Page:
To avoid their cooling, they are carried at a run by teen-age boys, for whom this is a signal honor: every Sunday throughout the following year, they will be allowed to wear their unmistakable lily-white smocks.

Earlier in the day, you will have anointed the lamb, inside and out: inside, with fresh basil, coriander leaves, garlic, and ginger thickly crushed into walnut oil (this is a must must); outside, with mustard powder mixed with-ideally-wild-boar fat. I know that wild boars do not roam our woods (sometimes, on my walks through Central Park, I feel I may soon meet one): bacon fat will do-about a pint of it.

You will have left the lamb lying outside down. Now nestle the clay sh.e.l.l inside the boneless cavity. Work it patiently into the fleshy nooks, then urge the meat in little bulges around it, pressing the lamb next to the sh.e.l.l, not against it, with the gentlest possible nudges. When the sh.e.l.l is deeply ensconced, fold the outlying flaps over it, and shape the whole into a regular square cushion roast. Sew the edges of the meat together, using fine nylon thread. (Nylon is acceptable. It has even been adopted in La Tour Lambert, partly for its efficacy, partly because local materials became scarce after a murderous outbreak of cat leprosy in 1962.) The seams must be hermetically tight.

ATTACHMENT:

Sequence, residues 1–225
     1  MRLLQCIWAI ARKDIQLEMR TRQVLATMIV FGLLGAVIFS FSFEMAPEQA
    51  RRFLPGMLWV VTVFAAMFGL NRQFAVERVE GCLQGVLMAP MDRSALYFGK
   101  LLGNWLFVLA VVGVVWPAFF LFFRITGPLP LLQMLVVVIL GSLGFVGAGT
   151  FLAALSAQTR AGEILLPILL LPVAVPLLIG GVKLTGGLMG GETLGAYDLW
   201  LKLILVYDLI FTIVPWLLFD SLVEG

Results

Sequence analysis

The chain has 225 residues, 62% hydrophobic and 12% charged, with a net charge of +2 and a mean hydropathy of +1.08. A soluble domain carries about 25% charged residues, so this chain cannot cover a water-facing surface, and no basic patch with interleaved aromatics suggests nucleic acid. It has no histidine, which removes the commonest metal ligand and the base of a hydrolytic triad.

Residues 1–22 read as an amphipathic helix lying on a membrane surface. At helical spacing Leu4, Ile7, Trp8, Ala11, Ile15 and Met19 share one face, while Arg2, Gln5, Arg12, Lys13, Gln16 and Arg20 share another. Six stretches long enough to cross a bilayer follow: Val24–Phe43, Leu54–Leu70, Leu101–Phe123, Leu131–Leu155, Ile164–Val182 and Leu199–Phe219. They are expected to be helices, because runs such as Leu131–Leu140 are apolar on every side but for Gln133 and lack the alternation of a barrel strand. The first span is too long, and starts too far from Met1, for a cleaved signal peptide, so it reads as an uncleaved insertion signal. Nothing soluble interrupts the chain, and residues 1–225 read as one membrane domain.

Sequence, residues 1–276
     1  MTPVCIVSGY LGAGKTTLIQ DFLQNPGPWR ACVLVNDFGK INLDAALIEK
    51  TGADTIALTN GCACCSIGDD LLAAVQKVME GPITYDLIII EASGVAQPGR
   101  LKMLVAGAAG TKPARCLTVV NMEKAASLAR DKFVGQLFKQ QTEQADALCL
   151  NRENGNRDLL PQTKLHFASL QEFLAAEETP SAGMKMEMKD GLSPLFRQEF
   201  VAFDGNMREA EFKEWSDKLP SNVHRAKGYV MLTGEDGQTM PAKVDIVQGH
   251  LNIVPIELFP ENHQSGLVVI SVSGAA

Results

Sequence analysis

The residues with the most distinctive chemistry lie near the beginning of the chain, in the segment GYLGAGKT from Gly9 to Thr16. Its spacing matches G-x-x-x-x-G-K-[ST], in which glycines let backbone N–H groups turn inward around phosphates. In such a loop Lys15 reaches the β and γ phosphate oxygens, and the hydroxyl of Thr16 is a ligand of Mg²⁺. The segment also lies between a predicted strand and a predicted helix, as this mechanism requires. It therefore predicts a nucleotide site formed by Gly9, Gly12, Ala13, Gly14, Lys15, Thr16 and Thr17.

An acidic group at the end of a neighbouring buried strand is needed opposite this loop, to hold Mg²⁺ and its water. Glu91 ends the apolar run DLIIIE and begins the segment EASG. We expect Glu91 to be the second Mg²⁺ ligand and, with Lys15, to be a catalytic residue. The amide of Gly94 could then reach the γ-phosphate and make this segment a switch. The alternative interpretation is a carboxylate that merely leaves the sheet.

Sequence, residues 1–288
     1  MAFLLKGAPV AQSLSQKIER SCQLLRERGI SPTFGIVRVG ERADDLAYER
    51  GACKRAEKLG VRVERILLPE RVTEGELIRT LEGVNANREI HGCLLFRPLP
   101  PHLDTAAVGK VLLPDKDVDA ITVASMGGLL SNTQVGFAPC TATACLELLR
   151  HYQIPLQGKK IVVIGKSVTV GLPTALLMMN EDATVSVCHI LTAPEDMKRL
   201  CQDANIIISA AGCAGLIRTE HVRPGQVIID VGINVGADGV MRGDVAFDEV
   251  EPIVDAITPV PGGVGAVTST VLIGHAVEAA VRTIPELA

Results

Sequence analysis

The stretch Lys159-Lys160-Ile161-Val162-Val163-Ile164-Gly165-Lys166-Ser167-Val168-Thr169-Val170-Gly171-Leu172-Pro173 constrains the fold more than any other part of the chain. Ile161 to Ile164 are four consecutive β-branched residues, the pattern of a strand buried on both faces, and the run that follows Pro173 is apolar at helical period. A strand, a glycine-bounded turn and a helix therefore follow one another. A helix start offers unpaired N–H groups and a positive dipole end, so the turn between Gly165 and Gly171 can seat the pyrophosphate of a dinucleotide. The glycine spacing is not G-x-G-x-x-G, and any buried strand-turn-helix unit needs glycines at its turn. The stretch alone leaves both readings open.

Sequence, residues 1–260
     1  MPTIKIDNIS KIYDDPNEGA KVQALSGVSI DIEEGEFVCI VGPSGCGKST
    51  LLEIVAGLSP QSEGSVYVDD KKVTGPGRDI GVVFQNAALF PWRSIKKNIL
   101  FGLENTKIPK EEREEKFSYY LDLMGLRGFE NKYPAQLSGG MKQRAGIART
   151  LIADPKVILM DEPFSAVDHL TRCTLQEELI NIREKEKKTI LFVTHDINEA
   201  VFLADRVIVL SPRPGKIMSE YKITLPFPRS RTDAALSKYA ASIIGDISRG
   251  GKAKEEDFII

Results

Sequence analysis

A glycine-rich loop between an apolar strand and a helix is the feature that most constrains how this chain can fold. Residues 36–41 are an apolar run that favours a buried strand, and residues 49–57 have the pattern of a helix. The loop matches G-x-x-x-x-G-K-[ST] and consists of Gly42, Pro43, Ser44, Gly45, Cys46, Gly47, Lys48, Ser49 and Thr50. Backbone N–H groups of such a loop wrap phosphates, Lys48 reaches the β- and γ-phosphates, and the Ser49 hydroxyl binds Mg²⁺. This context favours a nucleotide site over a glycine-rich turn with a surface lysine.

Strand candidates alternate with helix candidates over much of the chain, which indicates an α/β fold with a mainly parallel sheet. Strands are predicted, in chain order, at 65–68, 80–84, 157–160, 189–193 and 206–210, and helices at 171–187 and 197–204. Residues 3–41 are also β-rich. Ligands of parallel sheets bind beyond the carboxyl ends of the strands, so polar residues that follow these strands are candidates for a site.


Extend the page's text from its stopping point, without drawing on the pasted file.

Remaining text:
If the original roasting conditions will surely exceed your grasp, a description of them may clarify your goals.

In Auvergne, the body of the lamb is lowered on wetted ropes into a roasting pit. It comes to rest on transverse bars set close to the floor of the pit. Hours before, ash boughs that have dried through three winters are heaped in the pit and set ablaze: by now they are embers.

These are raked against the four sides and piled behind wrought-iron grids into glowing walls. The cast-iron floor stays hot from the fire.